Why dog nail care is key to your dog’s good health
In their natural environment, dogs run, climb, and dig. This keeps their nails worn down. In contrast, most domestic dogs live on hard-surface floors and rarely get sufficient exercise. The byproducts of this lifestyle include obesity, behavioral problems, and long toenails.
The most ubiquitous problem I saw when I owned a general veterinary practice, and now see in my holistic practice, is one in the same—long toenails.”
Long nails are not just a cosmetic issue
When a dog has long toenails, it can actually change the way his or her paws interface with the ground and negatively affect both posture and gait. Here’s why:
- Dogs’ toes have an abundance of proprioceptive receptors. These receptors provide information to the central nervous system about the body’s position in relation to the ground. When a dog’s nails are excessively long, the brain receives faulty data and makes adjustments accordingly. The result is a dog who has poor posture and an altered gait.
- A dog with long toenails can’t stand with legs perpendicular to the ground. Rather, he compensates–his forelegs are “behind” perpendicular and the hind legs must come under him to prevent him from tipping forward. This chronic compensatory posture takes a toll on the body and predisposes to injury.
- When a dog walks with long toenails it can be likened to humans walking in oversized clown shoes. When presented with a new patient, after taking the history, I generally begin with a simple (and pain-free) toenail trim. This instantly changes the dog’s posture and gait, so when I do my gaiting and chiropractic exams, I can focus on deeper, root issues, not secondary problems from long toenails. My five-minute short-nail makeover yields some degree of instant improvement for most of my new patients.
Some of my clients prefer that I continue to trim their dog’s nails after our initial visit. Others are willing to learn to do it themselves, which makes me proud. I trim my own dog’s nails every one to two weeks and recommend a maximum interval of four weeks for my patients.'Routine nail trims are commonly overlooked as part of our canine companions' preventative health care. However, they hold significant potential to improve our dogs' quality of life.'Click To Tweet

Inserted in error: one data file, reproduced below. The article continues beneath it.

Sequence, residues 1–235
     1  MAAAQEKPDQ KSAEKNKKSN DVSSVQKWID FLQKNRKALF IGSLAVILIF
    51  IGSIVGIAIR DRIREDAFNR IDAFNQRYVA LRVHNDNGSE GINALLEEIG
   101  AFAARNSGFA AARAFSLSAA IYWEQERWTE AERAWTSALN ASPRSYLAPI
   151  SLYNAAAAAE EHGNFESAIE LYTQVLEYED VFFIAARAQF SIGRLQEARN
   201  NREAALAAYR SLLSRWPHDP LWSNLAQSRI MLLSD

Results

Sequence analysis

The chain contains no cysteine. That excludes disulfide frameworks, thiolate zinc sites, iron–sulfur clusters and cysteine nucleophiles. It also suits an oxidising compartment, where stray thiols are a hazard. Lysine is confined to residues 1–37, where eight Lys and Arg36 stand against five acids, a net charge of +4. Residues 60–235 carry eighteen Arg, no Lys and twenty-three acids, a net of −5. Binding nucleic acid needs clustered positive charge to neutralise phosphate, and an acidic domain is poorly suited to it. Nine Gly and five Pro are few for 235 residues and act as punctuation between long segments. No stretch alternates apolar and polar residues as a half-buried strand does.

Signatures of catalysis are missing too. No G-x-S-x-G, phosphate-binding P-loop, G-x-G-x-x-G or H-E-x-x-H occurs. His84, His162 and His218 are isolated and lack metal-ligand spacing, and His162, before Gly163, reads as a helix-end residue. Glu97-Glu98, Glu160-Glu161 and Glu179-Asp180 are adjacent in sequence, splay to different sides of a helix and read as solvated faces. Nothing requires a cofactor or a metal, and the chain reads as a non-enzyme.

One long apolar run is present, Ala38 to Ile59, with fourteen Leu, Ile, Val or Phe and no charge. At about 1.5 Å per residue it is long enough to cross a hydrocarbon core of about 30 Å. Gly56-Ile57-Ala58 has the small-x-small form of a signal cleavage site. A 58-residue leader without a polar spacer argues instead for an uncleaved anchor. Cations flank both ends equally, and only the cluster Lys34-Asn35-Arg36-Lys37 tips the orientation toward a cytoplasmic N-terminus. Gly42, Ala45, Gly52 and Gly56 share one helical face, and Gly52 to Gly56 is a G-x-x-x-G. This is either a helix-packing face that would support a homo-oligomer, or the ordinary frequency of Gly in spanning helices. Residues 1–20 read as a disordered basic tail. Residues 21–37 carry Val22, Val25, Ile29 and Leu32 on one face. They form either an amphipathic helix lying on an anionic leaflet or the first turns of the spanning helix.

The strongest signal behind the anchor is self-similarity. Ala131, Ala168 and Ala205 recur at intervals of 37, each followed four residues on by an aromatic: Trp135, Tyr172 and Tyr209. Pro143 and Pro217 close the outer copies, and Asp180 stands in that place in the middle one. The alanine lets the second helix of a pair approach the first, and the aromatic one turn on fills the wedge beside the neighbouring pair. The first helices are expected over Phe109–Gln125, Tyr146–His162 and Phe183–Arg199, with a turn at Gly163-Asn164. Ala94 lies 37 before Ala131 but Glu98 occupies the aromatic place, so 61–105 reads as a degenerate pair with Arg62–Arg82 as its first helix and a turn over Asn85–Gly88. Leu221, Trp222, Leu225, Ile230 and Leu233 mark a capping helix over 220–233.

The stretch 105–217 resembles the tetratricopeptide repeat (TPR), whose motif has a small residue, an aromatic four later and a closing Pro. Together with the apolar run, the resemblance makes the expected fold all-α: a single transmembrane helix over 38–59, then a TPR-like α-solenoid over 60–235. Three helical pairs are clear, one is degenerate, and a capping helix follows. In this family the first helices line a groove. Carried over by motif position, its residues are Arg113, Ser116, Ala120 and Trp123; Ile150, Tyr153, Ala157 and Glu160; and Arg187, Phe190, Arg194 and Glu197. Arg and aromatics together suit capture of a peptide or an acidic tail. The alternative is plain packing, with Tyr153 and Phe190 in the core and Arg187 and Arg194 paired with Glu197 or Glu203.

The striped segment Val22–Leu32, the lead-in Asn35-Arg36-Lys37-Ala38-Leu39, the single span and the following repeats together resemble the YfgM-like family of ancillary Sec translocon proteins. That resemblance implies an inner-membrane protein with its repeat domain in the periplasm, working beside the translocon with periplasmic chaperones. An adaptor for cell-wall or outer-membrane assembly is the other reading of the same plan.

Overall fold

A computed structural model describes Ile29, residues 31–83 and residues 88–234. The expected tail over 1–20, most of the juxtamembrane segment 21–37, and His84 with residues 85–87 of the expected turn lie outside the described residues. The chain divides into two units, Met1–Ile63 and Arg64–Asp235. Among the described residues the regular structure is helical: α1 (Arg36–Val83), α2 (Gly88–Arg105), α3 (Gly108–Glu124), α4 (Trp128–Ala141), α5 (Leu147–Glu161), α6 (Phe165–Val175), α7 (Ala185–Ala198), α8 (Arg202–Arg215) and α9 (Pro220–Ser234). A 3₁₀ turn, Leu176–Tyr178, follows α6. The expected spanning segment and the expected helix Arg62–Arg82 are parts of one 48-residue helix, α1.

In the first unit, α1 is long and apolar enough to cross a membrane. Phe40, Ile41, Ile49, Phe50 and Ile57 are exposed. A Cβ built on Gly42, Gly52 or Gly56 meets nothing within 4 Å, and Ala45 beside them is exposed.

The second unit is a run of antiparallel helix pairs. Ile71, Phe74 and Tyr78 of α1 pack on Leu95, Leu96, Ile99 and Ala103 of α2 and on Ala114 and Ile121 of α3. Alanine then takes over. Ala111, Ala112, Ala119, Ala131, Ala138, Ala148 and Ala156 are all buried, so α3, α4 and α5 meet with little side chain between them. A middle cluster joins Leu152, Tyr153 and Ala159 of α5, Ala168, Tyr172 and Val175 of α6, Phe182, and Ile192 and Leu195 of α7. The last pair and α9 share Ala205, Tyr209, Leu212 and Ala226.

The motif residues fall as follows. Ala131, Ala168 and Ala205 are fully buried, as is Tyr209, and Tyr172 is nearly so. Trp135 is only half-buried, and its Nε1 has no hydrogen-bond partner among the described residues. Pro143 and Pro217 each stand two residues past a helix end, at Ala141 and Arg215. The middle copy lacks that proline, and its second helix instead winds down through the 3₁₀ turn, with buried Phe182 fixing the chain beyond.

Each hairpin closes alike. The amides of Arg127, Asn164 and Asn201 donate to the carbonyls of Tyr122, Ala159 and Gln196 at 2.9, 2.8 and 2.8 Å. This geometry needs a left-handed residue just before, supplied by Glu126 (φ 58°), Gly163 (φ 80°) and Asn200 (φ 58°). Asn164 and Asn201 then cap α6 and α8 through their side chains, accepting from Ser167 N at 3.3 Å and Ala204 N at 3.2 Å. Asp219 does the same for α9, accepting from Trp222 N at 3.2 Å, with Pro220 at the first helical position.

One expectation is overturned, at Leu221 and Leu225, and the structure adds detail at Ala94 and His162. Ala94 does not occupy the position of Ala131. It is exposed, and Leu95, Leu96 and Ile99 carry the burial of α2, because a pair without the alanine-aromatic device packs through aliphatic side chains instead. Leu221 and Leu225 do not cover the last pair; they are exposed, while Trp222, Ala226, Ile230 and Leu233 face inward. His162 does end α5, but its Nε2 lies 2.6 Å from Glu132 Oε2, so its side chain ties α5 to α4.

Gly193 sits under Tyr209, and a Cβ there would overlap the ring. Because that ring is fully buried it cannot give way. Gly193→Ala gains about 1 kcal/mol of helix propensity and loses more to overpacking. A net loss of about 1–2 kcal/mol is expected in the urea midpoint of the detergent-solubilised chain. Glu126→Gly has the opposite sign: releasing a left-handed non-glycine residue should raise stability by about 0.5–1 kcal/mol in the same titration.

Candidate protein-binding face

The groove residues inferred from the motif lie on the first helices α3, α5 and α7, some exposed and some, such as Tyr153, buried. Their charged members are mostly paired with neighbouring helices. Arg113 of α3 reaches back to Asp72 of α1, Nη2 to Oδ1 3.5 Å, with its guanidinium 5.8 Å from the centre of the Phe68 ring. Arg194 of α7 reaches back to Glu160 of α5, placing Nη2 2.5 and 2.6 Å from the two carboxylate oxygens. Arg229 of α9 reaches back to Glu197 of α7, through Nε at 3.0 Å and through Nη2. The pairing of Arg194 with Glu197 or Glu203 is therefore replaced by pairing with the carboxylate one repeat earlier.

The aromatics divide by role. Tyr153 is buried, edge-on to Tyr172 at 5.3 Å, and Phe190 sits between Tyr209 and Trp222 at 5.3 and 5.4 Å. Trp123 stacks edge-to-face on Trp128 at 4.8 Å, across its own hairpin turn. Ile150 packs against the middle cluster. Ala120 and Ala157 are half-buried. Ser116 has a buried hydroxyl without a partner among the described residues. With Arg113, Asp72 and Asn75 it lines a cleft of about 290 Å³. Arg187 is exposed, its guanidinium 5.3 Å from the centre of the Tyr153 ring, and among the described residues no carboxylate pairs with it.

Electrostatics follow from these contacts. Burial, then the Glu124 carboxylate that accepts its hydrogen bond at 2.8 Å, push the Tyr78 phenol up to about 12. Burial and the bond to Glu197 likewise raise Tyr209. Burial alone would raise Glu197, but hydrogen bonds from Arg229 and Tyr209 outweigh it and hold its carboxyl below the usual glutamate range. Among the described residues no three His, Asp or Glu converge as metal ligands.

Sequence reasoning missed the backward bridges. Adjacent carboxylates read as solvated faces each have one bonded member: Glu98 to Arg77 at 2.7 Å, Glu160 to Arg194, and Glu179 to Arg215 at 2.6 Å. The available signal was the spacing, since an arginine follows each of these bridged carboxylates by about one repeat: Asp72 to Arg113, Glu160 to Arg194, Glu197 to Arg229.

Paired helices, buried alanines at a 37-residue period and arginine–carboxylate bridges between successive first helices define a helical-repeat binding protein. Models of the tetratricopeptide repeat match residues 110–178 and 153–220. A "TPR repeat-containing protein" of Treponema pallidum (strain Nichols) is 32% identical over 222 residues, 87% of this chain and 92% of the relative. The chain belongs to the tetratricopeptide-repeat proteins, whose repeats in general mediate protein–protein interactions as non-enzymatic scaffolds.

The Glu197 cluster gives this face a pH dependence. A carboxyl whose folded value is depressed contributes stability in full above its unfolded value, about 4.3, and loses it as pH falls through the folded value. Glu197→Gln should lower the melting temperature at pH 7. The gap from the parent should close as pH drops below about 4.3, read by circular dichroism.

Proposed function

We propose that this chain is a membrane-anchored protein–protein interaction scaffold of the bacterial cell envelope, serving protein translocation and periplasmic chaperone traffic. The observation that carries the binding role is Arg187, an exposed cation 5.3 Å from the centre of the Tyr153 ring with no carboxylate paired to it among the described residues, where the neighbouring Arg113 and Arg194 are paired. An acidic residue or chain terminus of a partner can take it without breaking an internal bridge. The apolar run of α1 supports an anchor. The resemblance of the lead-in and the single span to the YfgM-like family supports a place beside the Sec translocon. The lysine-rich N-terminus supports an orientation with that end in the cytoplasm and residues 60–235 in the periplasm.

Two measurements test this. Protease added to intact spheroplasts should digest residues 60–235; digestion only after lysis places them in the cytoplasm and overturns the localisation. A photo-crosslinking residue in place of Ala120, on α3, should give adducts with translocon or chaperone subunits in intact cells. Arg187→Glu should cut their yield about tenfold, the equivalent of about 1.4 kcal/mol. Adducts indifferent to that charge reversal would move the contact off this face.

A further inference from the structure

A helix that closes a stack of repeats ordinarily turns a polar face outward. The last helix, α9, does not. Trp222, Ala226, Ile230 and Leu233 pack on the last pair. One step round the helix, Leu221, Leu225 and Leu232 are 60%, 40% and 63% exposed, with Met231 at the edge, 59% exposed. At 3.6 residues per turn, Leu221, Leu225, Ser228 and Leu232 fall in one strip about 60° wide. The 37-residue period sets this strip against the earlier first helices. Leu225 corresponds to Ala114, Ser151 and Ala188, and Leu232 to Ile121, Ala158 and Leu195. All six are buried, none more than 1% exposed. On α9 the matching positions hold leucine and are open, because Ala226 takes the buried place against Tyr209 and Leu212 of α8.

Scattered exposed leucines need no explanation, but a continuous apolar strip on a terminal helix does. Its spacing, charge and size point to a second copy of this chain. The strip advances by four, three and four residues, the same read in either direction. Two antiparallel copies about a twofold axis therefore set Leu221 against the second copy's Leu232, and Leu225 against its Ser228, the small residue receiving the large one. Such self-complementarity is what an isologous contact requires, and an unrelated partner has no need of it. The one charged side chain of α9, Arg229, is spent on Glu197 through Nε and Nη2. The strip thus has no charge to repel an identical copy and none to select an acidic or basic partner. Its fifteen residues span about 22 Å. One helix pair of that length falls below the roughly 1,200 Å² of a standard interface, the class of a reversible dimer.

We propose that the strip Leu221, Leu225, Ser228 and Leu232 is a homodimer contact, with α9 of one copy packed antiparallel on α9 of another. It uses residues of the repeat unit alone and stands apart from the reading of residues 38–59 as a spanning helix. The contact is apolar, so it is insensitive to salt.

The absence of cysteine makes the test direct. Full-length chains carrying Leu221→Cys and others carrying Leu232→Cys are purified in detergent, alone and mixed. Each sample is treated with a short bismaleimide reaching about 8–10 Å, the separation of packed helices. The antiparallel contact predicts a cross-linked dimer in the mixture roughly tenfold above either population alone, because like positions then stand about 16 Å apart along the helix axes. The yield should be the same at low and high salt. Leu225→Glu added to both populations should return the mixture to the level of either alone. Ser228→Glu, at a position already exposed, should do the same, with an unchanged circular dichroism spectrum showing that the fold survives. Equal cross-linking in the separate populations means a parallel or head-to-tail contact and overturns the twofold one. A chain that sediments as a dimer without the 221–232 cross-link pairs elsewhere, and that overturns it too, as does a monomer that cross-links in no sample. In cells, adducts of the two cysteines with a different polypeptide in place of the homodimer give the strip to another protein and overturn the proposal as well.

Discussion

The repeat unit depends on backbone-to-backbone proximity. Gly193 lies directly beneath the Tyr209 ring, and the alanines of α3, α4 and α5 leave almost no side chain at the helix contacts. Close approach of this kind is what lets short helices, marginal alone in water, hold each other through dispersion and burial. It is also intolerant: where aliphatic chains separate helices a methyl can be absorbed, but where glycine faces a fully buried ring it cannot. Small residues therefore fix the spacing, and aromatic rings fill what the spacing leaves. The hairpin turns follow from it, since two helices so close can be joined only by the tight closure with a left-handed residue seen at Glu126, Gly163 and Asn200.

As the founder of ToeGrips® dog nail grips for dogs, I’m especially passionate about pairing the application of ToeGrips® dog nail grips with proper dog nail care. Regular, quality nail trims for dogs are critical! Toenails that are too long affect:
Proprioception—A dog’s toes contain an abundance of receptors which help his brain understand where his body is in relation to the ground. When a dog’s nails become too long, this distorts the toes, affecting the brain’s input signals.
Posture—Because of this faulty proprioceptive input, the dog’s posture will change. The hind legs tuck forward and the front legs stand behind perpendicular when viewed from the side. Rather, a dog’s front legs should be perpendicular to the ground.
Pain—Long toenails create chronic bad posture. Bad posture is uncomfortable for the dog and predisposes to degeneration and injury, as chronic abnormal forces are placed into the dog’s joints, tendons, and/or ligaments. Additionally, the animal is stressed and the adrenal glands increase cortisol production. Excess cortisol takes a toll on many body systems, but is known to cause ligament laxity (weakening). This predisposes to injury.
Safety—Long, hard toenails cannot grip slick flooring, making the dog more likely to slip, and less confident on hard, smooth surfaces. In nature, dogs use their toenails to get traction on terrain (similar to soccer cleats). When they flex their digits (with long nails) to attempt to gain traction on hard-surface flooring, it simply makes the slipping worse.
Gait—Watch a dog with long nails gait before and immediately after a quality nail trim. That dog will instantly have an improved breakover and stride, which will translate into a more efficient and comfortable gait.
How to get the quicks to recede
The key to getting a dog’s quicks to recede is the frequency of the nail trimming or dremeling. It’s a myth that if you trim the nails every few weeks the quicks will recede. The reason the quicks recede is that there is some form of stimulus (vibratory and otherwise) affecting the quick (the nerve + blood supply to the tip of the nail), which the nerve seeks to reduce exposure to by receding.
So the way to have success is to cut or dremel the nails back to the “pre-quick” so that the quick is stimulated TO recede. And this must be done very frequently, i.e. every two to three days. It takes this type of commitment to get the quicks to recede, but it can be done.